Extending proximally from ring electrode 16 is a second insulative sheath 18, which extends to the connector assembly 20, located at the proximal end of the lead. Connector assembly 20 is described in more detail in commonly assigned, copending patent application Ser. No. 07/198,540, by Doan et al, for a "CONNECTOR FOR MULTICONDUCTOR PACING LEADS", filed May 25, 1988, also incorporated herein by reference in its entirety. Connector assembly 20 is provided with three cylindrical conductive surfaces 22, 24 and 26. Connector surface 22 is coupled to tip electrode 10. Connector surfaces 26 and 24 are coupled to ring electrode 16 and to the circuitry within the pressure sensor, respectively. Surrounding insulative sheath 18 is an anchoring sleeve 28, which is used to secure the lead at its point of venous insertion. The basic operation of an anchoring sleeve is described in U.S. Pat. No. 4,437,475, issued to White. Shown emerging from the proximal end of the lead is a stylet 30, which has located on its proximal end a knob 32. Stylet 30 extends through the lead body, terminating in the vicinity of electrode 10. An appropriate form of stylet is disclosed in U.S. Pat. No. 4,498,482, issued to Williams for a "TRANSVENOUS PACING LEAD HAVING IMPROVED STYLET", incorporated herein by reference in its entirety.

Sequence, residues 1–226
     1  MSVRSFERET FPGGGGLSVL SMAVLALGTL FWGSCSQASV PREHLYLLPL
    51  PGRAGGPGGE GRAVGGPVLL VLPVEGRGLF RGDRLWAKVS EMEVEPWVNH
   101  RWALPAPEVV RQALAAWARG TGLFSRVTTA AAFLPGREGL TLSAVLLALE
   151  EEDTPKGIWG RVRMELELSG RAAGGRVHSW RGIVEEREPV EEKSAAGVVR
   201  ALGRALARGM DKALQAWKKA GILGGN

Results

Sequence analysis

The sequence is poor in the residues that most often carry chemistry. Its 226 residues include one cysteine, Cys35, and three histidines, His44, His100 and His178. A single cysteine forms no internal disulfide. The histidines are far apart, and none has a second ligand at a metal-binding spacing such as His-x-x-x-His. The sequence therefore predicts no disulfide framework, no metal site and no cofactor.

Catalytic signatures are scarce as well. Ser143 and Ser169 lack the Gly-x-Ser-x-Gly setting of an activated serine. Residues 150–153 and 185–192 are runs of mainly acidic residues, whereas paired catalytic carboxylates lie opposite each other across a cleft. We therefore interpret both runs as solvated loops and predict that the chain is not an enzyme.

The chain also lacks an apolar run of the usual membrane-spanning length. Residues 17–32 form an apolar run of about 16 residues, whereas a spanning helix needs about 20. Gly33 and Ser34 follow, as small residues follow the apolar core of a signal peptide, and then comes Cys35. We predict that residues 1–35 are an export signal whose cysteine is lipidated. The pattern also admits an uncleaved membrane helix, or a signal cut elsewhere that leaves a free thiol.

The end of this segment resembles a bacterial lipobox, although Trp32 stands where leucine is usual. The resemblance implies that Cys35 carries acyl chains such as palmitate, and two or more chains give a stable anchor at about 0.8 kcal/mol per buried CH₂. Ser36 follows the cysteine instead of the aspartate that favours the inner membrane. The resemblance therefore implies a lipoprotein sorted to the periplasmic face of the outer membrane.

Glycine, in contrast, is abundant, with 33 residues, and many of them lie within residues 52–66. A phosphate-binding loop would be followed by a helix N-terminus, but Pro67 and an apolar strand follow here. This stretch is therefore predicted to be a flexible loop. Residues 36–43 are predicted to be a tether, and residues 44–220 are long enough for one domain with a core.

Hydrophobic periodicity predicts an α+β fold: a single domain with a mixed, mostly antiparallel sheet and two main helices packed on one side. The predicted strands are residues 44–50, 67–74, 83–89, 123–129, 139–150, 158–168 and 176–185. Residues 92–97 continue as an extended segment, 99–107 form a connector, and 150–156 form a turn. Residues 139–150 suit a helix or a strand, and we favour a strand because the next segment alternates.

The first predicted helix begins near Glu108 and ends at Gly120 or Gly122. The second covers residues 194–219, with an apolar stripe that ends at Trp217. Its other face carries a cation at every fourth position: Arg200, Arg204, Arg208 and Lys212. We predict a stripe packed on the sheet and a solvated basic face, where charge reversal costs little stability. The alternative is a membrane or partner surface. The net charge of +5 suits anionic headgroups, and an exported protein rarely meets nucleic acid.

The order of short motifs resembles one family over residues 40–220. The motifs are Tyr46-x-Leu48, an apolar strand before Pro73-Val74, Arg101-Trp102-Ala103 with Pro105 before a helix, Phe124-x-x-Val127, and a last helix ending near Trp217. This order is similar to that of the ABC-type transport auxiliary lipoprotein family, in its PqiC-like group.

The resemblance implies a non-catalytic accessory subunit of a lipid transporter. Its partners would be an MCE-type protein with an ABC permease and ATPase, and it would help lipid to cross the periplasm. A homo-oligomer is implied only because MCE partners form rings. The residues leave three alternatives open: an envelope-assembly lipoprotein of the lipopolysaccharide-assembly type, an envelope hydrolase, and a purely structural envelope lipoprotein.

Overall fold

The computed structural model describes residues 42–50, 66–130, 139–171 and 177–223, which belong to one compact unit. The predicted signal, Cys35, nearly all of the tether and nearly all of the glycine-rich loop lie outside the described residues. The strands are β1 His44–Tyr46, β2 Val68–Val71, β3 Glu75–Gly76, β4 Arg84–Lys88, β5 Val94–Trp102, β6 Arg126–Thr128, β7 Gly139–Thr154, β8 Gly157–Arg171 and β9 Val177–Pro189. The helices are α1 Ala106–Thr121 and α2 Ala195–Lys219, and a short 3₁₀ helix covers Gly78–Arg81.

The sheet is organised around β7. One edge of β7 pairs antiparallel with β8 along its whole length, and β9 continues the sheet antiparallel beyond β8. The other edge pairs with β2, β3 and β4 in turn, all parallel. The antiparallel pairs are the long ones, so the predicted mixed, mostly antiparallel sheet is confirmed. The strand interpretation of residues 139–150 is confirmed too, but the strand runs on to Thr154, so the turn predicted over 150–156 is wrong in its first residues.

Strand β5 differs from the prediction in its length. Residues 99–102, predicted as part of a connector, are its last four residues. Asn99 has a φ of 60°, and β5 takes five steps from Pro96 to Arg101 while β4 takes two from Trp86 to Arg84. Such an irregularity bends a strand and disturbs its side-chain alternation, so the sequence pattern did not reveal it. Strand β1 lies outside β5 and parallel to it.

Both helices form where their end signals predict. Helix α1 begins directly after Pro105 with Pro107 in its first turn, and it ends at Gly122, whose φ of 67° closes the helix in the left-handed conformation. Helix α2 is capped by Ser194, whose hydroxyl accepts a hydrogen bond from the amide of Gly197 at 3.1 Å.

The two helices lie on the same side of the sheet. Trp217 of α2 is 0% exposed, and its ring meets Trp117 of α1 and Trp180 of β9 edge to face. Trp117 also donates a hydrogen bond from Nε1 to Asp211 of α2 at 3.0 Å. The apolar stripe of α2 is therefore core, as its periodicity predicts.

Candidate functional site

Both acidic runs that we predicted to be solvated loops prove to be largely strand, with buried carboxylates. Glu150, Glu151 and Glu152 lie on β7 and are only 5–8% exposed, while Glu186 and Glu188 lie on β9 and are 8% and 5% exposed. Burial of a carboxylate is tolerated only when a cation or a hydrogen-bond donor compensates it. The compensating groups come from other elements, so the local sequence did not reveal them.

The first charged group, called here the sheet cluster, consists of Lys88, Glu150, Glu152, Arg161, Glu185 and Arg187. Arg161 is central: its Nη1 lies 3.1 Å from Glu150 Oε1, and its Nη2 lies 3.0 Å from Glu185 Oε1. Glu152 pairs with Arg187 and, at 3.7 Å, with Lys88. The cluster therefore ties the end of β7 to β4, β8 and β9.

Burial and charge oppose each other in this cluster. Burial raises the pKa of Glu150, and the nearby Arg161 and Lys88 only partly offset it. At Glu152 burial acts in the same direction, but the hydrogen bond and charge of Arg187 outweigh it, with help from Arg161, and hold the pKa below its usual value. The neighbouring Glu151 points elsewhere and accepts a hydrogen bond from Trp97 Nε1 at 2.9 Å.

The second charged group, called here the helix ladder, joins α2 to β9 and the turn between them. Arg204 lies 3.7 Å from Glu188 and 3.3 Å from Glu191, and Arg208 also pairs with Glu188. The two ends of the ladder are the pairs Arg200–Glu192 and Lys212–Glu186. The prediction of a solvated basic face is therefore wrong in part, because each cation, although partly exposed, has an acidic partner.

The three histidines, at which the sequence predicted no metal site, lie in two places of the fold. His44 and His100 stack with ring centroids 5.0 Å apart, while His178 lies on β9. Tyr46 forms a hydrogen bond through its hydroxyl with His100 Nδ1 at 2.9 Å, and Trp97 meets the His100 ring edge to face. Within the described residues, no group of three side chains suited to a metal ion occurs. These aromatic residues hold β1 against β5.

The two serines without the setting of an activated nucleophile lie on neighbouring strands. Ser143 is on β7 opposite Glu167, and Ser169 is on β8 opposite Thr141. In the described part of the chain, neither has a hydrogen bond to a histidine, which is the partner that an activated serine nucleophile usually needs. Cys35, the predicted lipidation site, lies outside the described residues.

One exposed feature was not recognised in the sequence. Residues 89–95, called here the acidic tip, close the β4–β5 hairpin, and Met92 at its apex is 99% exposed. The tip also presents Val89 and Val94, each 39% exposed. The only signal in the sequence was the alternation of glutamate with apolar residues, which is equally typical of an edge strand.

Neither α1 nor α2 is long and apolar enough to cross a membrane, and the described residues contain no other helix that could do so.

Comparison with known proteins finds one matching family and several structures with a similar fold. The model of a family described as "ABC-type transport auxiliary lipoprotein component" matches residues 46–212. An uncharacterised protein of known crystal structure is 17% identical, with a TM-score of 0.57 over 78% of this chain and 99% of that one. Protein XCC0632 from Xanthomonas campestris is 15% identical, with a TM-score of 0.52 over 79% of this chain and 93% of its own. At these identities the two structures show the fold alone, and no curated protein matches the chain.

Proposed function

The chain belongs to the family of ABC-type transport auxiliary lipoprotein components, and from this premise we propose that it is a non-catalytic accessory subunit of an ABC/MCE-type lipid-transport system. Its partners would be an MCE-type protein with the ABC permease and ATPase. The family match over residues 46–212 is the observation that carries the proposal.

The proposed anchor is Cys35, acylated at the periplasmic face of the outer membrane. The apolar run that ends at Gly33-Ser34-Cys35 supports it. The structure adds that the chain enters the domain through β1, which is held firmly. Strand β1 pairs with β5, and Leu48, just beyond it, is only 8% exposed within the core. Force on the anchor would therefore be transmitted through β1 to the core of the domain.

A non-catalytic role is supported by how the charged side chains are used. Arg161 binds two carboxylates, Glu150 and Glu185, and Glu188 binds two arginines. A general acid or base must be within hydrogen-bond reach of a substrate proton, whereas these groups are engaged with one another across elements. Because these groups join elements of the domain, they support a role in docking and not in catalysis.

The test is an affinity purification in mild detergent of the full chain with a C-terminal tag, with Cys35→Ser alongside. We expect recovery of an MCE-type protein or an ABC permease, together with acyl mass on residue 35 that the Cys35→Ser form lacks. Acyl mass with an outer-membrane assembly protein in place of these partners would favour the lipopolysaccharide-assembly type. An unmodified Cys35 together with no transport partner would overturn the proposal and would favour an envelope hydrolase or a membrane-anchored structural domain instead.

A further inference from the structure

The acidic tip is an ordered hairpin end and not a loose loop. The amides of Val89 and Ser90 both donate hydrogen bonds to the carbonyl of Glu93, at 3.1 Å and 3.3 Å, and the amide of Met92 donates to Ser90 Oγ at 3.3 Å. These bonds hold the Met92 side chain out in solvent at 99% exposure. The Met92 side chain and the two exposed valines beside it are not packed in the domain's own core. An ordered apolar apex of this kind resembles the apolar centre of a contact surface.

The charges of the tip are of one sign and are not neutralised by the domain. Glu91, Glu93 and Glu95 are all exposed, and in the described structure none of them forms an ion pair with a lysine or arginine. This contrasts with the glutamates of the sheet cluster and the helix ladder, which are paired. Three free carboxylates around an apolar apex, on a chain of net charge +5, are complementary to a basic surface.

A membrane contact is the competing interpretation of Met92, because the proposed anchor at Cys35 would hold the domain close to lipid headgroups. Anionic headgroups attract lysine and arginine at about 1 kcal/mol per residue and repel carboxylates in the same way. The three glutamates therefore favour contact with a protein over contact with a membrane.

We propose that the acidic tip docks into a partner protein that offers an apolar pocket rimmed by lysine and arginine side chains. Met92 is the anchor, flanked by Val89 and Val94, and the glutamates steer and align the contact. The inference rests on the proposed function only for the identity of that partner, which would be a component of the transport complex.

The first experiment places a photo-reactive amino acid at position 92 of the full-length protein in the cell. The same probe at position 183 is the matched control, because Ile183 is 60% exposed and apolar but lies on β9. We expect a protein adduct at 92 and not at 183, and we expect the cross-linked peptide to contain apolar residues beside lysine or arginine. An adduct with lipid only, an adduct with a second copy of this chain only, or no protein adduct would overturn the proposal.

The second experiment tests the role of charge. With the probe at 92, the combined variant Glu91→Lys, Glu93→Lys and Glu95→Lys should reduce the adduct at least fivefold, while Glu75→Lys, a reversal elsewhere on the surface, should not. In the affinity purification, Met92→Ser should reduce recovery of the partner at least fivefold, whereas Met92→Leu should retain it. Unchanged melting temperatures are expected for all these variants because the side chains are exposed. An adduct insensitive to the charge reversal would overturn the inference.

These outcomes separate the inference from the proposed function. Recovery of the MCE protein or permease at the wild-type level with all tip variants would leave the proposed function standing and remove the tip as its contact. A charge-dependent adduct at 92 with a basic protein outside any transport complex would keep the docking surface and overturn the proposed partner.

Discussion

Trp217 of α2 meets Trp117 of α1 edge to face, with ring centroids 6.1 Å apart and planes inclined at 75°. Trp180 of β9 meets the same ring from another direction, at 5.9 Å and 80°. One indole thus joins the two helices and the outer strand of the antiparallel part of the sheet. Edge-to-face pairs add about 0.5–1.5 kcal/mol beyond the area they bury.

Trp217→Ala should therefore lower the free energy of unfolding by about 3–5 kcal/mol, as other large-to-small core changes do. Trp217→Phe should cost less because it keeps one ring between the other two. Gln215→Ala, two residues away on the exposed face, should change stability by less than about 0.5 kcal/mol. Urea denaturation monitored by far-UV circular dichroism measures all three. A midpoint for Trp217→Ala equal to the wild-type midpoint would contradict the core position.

During pacing of the heart, an electrical impulse is delivered between electrodes 10 and 16 via connector surfaces 22 and 26. During sensing of electrical activity within the heart, the electrical potential difference between electrodes 10 and 16 is provided to the pacemaker via connector surfaces 26 and 22. During operation of the pressure transducer located within ring electrode 16, an electrical current is applied to connector surfaces 24 and 26. The current drawn by the pressure transducer will vary depending upon the ambient blood pressure surrounding ring electrode 16. The current level is used by the pacemaker to determine blood pressure within the ventricle at the time of sensor activation.